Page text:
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I'm working on an integral problem(the rest of which is irrelevant) and this integral arises, which has stumped me. $$\int_{0}^{1}\int_{0}^{x}\left\lfloor\frac{1}{1-t}\right\rfloor dt \,dx$$

$\bf\lfloor\quad\rfloor$ is Floor function.

Looking at $\int\limits_{0}^{x}\left\lfloor\dfrac{1}{1-t}\right\rfloor dt$:

Clearly this diverges for x = 1, but is there any representation in terms of $\zeta(x)$?

So far I have:

$$\int_{0}^{1}\left\lfloor\frac{1}{1-t}\right\rfloor dt = \sum_{n=0}^{\infty}\int_{\frac{n}{n+1}}^{\frac{n+1}{n+2}} \thinspace (n+1)\,dt = \zeta(1)-1$$

But I am unsure how to address the issue of finding what interval x is between and calculate the area up to x in relation to x since there are different bounds x could be located in. I suppose something like this could work but it doesn't seem like something that could be further integrated form 0 to 1.

$$A = \left\lfloor\frac{1}{1-x}\right\rfloor-1$$ $$\sum_{n=0}^{A}\int_{\frac{n}{n+1}}^{\frac{n+1}{n+2}} \thinspace (n+1)\,dt + \int_{\frac{A}{A+1}}^{x}(A+1)\,dt$$

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  • $\begingroup$ Is there a dependency of x and t? $\endgroup$ – Moti May 17 '16 at 5:08
  • $\begingroup$ @Moti Well t is a u sub for xy but I didn't think that would be important. I have properly done the dt and limits. $\endgroup$ – Jasper Braun May 17 '16 at 11:19
  • $\begingroup$ @JasperBraun I just add \left and \right to the "floor's". $\endgroup$ – Felix Marin May 17 '16 at 20:12
  • $\begingroup$ It's odd that you stopped where you did, rather than compute all of the integrals. $\endgroup$ – Hurkyl May 17 '16 at 20:14
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Denote $f(t) = \lfloor 1/(1-t) \rfloor$, and consider the function $$ g(x,t) = \Theta(x - t) f(t), $$ where $\Theta(u)$ is the Heaviside step function. Since $g(x,t) = f(t)$ on the original region of integration, we can expand the region of integration to the unit square: $$ \int_{0}^{1}\int_{0}^{x} f(t) \, dt \, dx = \int_0^1 \int_0^1 \Theta(x - t) f(t) \, dt \, dx. $$ The function $g(x,t)$ is non-negative and measurable, so by Tonelli's Theorem (credit to @RRL for pointing this out in the comments), we can exchange the order of integration: $$ \int_0^1 \int_0^1 \Theta(x - t) f(t) \, dt \, dx = \int_0^1 \int_0^1 \Theta(x - t) f(t) \, dx \, dt = \int_0^1 \left[ \int_t^1 f(t) \, dx \right] dt. $$

This integral can then be performed: \begin{align*} \int_{0}^{1} \left[ \int_{t}^{1} f(t) \, dx \right] dt &= \int_0^1 (1 - t) f(t) \, dt \\ &= \sum_{n = 0}^\infty \int_{n/(n+1)}^{(n+1)/(n+2)} (1-t) (n+1) \, dt \\ &= \sum_{n = 0}^\infty (n+1)\left[ t - \frac{t^2}{2} \right]_{n/(n+1)}^{(n+1)/(n+2)} \\ &= \sum_{n = 0}^\infty \frac{3 + 2n}{2(n+1)(n+2)^2} \\ &= \sum_{n = 0}^\infty \left[ \frac{1}{2(n+1)} - \frac{1}{2(n+2)} + \frac{1}{2 (n+2)^2} \right] \\ &= \sum_{n = 1}^\infty \left[ \frac{1}{2n} - \frac{1}{2(n+1)}\right] + \frac{1}{2} \sum_{n=2}^\infty \frac{1}{n^2} \\&= \frac{1}{2} + \frac{1}{2} (\zeta(2) - 1) = \frac{\zeta(2)}{2} = \frac{\pi^2}{12}. \end{align*} In the last step, we have used telescoping series to perform the first sum, and the second sum is the definition of $\zeta(2)$ except that it's missing the $n = 1$ term ($1/1^2$).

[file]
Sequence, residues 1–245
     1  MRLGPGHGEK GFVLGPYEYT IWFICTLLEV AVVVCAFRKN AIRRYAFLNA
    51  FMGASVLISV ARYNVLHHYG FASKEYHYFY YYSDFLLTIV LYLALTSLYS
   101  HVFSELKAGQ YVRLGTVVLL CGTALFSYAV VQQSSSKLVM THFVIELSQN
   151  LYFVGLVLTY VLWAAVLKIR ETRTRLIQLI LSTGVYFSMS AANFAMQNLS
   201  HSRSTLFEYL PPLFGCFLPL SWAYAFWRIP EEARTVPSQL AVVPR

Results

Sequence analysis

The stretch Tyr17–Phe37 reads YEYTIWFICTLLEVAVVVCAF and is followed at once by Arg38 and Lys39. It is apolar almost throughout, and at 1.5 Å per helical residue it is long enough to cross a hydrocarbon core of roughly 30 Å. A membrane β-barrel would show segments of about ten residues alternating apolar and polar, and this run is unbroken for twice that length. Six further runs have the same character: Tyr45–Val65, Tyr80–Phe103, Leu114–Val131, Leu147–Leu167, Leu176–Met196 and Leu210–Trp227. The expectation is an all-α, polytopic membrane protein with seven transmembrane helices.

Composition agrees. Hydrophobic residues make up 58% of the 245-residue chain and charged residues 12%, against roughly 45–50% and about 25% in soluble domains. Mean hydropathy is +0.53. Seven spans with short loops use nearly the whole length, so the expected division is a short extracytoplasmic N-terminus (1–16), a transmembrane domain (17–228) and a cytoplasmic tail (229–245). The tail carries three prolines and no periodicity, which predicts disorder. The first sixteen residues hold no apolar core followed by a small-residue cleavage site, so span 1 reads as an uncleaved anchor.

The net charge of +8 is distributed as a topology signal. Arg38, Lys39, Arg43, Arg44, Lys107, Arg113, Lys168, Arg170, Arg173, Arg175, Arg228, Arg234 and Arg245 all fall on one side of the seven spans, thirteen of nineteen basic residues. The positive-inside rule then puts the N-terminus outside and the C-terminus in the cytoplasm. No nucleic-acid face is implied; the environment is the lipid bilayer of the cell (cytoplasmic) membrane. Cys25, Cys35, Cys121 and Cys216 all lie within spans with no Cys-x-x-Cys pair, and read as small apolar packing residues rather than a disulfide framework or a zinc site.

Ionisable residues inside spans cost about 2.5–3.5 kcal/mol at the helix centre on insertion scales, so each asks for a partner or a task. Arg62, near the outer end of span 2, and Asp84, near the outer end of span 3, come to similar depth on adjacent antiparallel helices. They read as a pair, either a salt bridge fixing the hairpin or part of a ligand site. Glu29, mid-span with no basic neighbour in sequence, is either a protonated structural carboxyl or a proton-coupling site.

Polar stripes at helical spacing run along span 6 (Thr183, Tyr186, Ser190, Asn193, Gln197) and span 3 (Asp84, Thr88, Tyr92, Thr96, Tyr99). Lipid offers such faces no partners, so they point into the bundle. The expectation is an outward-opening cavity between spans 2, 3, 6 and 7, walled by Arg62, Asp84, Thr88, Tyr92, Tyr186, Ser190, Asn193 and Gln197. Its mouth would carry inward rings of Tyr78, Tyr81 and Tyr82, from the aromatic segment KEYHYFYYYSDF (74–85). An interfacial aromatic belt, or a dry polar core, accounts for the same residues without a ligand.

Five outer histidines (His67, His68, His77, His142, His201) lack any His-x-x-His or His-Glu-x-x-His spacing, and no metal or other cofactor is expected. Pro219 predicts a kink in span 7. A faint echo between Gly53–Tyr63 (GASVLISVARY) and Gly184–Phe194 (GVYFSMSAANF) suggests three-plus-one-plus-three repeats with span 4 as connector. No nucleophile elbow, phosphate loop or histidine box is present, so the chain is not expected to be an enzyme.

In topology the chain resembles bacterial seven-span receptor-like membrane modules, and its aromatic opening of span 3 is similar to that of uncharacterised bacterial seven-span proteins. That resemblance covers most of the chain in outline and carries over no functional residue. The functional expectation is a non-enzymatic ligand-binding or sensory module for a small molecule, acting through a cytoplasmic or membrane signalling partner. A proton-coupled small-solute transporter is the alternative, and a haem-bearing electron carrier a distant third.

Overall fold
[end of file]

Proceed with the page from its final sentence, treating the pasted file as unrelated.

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    $\begingroup$ Nice +1. Since $f$ is non-negative and measurable the interchange is fine(Tonelli's theorem). To skip the geometric argument -- $\int_0^1 \int_0^x f(t) \, dt \,dx = \int_0^1 \int_0^1 f(t)1_{\{t \leqslant x\}} \, dt \,dx = \int_0^1 \int_0^1 f(t)1_{\{x \geqslant t\}} \, dx \,dt = \int_0^1 \int_t^1 f(t) \, dx \,dt $. $\endgroup$ – RRL May 17 '16 at 21:30
  • $\begingroup$ @RRL: Thanks for the tips. I've edited the answer accordingly. $\endgroup$ – Michael Seifert May 17 '16 at 21:46
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$\newcommand{\angles}[1]{\left\langle\, #1 \,\right\rangle} \newcommand{\braces}[1]{\left\lbrace\, #1 \,\right\rbrace} \newcommand{\bracks}[1]{\left\lbrack\, #1 \,\right\rbrack} \newcommand{\dd}{{\rm d}} \newcommand{\ds}[1]{\displaystyle{#1}} \newcommand{\dsc}[1]{\displaystyle{\color{red}{#1}}} \newcommand{\expo}[1]{\,{\rm e}^{#1}\,} \newcommand{\half}{{1 \over 2}} \newcommand{\ic}{{\rm i}} \newcommand{\imp}{\Longrightarrow} \newcommand{\Li}[1]{\,{\rm Li}_{#1}} \newcommand{\pars}[1]{\left(\, #1 \,\right)} \newcommand{\partiald}[3][]{\frac{\partial^{#1} #2}{\partial #3^{#1}}} \newcommand{\root}[2][]{\,\sqrt[#1]{\vphantom{\large A}\,#2\,}\,} \newcommand{\totald}[3][]{\frac{{\rm d}^{#1} #2}{{\rm d} #3^{#1}}} \newcommand{\verts}[1]{\left\vert\, #1 \,\right\vert}$ \begin{align} \int_{0}^{1}\int_{0}^{x}\left\lfloor{1 \over 1 - t}\right\rfloor\,\dd t\,\dd x & = \int_{0}^{1}\left\lfloor{1 \over 1 - t}\right\rfloor\,\int_{t}^{1}\dd x\,\dd t = \int_{0}^{1}\left\lfloor{1 \over 1 - t}\right\rfloor\pars{1 - t}\,\dd t = \int_{0}^{1}\left\lfloor{1 \over t}\right\rfloor t\,\dd t \\[3mm] &= \int_{1}^{\infty}{\left\lfloor t\right\rfloor \over t^{3}}\,\dd t = \int_{1}^{2}{1 \over t^{3}}\,\dd t + \int_{2}^{3}{2 \over t^{3}}\,\dd t + \cdots \\[3mm] & = \int_{1}^{2}\bracks{{1 \over t^{3}} + {2 \over \pars{t + 1}^{3}} + \cdots} \,\dd t = \int_{1}^{2}\sum_{k = 0}^{\infty}{k + 1\over \pars{t + k}^{3}} \,\dd t \\[3mm] & = \int_{1}^{2}\bracks{% \Psi\,'\pars{t} + \half\pars{t - 1}\Psi\,''\pars{t}}\,\dd t \\[3mm] & = \Psi\pars{2} - \Psi\pars{1} + \half\,\Psi\,'\pars{2} - \half\int_{1}^{2}\Psi\,'\pars{t}\,\dd t \\[3mm] & = \half\bracks{\Psi\pars{2} - \Psi\pars{1}} + \half\,\Psi\,'\pars{2} = \color{#f00}{\pi^{2} \over 12} \approx 0.8225 \end{align}

$\Psi$ is the digamma function.

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